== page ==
European countries and the USA have been at the forefront of this kind of work, but it also has potential for guiding administrative scrutiny and reform in developing countries. The necessary analysis could be undertaken by internal auditors, anti-corruption agencies, or other oversight bodies. These agencies could use the results to improve system design, and commission detailed forensic investigations of those concerned.

Fazekas uses sophisticated statistical techniques, but simpler methods could also be employed to measure inappropriate administrative processes, potentially illicit flow of funds between parties with close personal ties, the unexplained accumulation of personal wealth, citizens’ complaints, and other indicators of corruption. These results could then be used to identify potential levels and sources of corruption and, if acted on, lend credence to the government’s anti-corruption commitments.

The approach outlined above is relevant to national and local government, as well as public corporations where significant levels of corruption can occur at the highest levels. Such work could be enhanced through external moderation and research collaboration across national boundaries. A recent piece by the present author, published by the Australian National University’s DevPolicy Centre, discusses the growing relevance of digital media to governance reform.[5]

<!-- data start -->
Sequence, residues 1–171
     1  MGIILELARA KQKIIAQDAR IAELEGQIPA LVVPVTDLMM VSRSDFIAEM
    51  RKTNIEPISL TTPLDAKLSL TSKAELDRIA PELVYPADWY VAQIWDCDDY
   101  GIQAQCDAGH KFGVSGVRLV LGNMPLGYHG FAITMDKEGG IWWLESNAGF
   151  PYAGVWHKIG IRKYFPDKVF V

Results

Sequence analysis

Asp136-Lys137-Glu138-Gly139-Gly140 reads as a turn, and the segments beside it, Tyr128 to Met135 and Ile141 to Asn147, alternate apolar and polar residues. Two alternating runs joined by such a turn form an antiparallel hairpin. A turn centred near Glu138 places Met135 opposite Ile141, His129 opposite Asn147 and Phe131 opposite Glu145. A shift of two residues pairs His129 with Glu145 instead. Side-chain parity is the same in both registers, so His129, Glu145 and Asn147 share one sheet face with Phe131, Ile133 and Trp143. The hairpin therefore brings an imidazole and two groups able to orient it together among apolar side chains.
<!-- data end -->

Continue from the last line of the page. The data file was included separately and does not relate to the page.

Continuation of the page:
Objective data analysis can offer a clearer insight into the systemic nature of corrupt behavior, thus providing a more precise indication of the corrupt parts of an administration, the number of external parties that are engaged in corruption, and features of the PFM system that need to be strengthened. It can provide data to support a vigilant administration that wishes to maintain pressure on corruption, complementing efforts to increase prosecutions or administrative reforms.

Whatever ideas are advanced, they will all require commitment from national leaders if they are to succeed.

 

[1] David Fellows is Co-principal of PFMConnect. He is an accountant and PFM specialist with significant interests in digital service development and performance management. His thanks are extended to Cornelia Körtl and Domenico Polloni for their invaluable contribution to this article.

[2] UNDPs Guide to Measuring Corruption and Anti-Corruption (2015). See also IMF 2017, “The Role of the Fund in Governance Issues - Review of the Guidance Note, Preliminary Considerations”.

[3] Benjamin A Olken, “Corruption Perceptions vs Reality” -  https://economics.mit.edu/files/3931

[4] Mihály Fazekas “A Comprehensive Review of Objective Corruption Proxies in Public Procurement”  https://papers.ssrn.com/sol3/papers.cfm?abstract_id=2891017

[5] See: http://devpolicy.org/international-ecollaboration-route-public-service-reform-20170720/.

Note: The posts on the IMF PFM Blog should not be reported as representing the views of the IMF. The views expressed are those of the authors and do not necessarily represent those of the IMF or IMF policy.